During the finale of A Bright New Boise, protagonist Will (Tim True), a remorseful religious fanatic finds a cryptic note written to him by his troubled coworker Alex (Andy Lee-Hillstrom). It reads simply, “Hell is all around us.” It’s a small, provocative brush stroke by playwright Samuel D. Hunter in a play that’s chockfull of them. As staged by director John Vreeke and Third Rail Repertory, A Bright New Boise, now entering its final week, is a marvelous and precariously balanced sculpture of working-class humor, deep thought, and spiritually tragic events that makes a number of incisive observations, applied with subtlety, and sans half-baked conclusions. Like any worthwhile work of art, those are left for us to sift and sort through.
Played with heartbreaking hangdog soul by True, as reliable an actor as we have in our midst, Will is a cipher, a Flying Dutchman, a man without a country. As the play opens, he’s wandering in the darkness begging for the world to end. Eventually, he returns to the mundane world to seek work at Hobby Lobby, a Boise big-box store where drudgery and minimum wage are always the special of the day. He’s shepherded through the employment process by Pauline (a crackerjack Jacklyn Maddux), the determined store manager with an overriding imperative to create order out of chaos—not to mention, swear like a Portuguese fisherman. “I’ll put you on full-time as soon as I can,” she tells Will. “Until then you work thirty-eight hours a week,” Ah, the joys of nearly fulltime employment.
Pauline, the anti-labor champion of commerce and duty at all costs, is a character as fully indoctrinated into a system as Will used to be. At times her dedication to corporate management practices and routine seem like positive attributes, providing her with a sense of purpose that’s lacking elsewhere in the cast. And other times she’s simply petty, officious, and flustered, flying into a fit of profanity whenever conflict rears its head.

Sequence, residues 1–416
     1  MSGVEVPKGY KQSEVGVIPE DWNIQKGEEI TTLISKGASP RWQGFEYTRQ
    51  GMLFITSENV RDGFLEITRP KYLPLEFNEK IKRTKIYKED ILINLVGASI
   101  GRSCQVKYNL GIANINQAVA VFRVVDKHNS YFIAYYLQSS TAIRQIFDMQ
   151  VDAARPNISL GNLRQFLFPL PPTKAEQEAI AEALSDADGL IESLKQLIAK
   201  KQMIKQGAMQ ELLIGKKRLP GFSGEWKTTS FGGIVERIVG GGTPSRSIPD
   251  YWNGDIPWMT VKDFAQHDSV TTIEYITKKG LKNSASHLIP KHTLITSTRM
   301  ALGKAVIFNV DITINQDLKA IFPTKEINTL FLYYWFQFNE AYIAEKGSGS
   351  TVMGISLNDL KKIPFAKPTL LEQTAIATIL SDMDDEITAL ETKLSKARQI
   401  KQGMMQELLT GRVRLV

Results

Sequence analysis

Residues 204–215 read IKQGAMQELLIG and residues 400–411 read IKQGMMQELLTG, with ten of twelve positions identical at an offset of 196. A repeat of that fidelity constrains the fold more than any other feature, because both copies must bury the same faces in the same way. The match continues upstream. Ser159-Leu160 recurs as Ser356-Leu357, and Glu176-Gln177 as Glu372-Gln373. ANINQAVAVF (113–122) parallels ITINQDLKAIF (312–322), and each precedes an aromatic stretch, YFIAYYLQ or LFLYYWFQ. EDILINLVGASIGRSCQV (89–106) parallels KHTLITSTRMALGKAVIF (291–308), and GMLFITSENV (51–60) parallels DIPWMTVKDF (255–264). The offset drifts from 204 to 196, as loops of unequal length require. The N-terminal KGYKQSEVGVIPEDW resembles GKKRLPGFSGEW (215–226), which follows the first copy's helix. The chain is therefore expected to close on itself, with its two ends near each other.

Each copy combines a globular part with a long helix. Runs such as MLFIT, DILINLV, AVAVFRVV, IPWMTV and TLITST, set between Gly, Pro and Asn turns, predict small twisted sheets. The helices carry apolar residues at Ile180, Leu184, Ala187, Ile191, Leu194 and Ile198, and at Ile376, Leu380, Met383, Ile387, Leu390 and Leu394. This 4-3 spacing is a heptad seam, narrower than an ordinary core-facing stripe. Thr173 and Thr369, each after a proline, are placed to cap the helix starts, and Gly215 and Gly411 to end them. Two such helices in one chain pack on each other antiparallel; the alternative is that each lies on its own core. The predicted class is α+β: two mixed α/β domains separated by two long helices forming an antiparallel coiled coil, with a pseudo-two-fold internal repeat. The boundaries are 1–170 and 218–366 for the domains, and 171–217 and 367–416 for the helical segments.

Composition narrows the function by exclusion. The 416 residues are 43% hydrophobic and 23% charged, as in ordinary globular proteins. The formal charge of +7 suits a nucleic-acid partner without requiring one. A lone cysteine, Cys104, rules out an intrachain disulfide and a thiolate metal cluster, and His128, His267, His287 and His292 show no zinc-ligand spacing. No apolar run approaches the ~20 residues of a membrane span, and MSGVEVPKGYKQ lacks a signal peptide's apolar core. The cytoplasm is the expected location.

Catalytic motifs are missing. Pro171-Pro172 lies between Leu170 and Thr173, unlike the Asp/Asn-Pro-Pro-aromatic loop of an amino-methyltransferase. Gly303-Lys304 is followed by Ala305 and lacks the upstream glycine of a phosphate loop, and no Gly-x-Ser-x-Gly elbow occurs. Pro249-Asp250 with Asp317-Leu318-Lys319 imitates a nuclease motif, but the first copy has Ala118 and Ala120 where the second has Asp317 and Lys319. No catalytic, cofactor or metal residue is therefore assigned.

Will soon meets his fellow employees: young anxiety ridden Alex, a nascent writer-musician; Leroy A Bright New Boise
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(Chris Murray), a hostile, confrontational T-shirt artist and Alex’s foster brother; and finally, Anna (Kerry Ryan), a goofy incompetent with boundary issues, who nonetheless is the most grounded and likable character in the play. The scenes in the company break room with Anna clumsily trying to connect with Will are so funny and tender that we quickly realize Hunter’s story would be unbearably ponderous without them.
This extremely dysfunctional and volatile family unit—played by a fully commited and spot-on cast—never gets the chance to coalesce, as Will’s dark past is an albatross (alba-cross?) that he can’t put down even as he seeks redemption for his transgressions. Unsettling, sketchy evidence of Will’s participation in a notorious Christian cult from “up north” is perceived as a threat by everyone around him, even good-natured Anna and single-minded Pauline. The fear that Will might be trying to influence the equally rudderless Alex toward a Christian path angers Leroy his ostensible guardian, who wants Alex to pursue his nebulous artistic inclinations. And poor Alex simply proves too fragile to fight over.
What playwright Hunter, a native of small-town Idaho, does best is avoid cliché and the easy stereotype. As a gay writer now living in New York, it’s almost to be expected that he would cheerfully eviscerate and ridicule Will, a guilt-ridden sad sack who clings pitifully to the wreckage of his beliefs like a man lost at sea (which, in fact, he is). Instead, he creates a complicated and conflicted character that struggles manfully to find some way to live.
Will is a person with definite redeeming qualities, none greater than his desire to at least tentatively explore another direction in his life as he tries to befriend Alex, and to a lesser extent, the lonely, but nurturing, Anna. Hunter cannily leaves us to ponder if Will can summon the courage to grab the life ring being thrown to him, and learn to peacefully coexist—and possibly love—his flawed coworkers (and the world itself). Or consequently, will he go down with his ruined ship, finally abandoning hope and deciding that his tragic mistake is something that he should suffer for eternity? “Without God, I’m just a bad father working at the Hobby Lobby who lives in his car,” he sadly observes.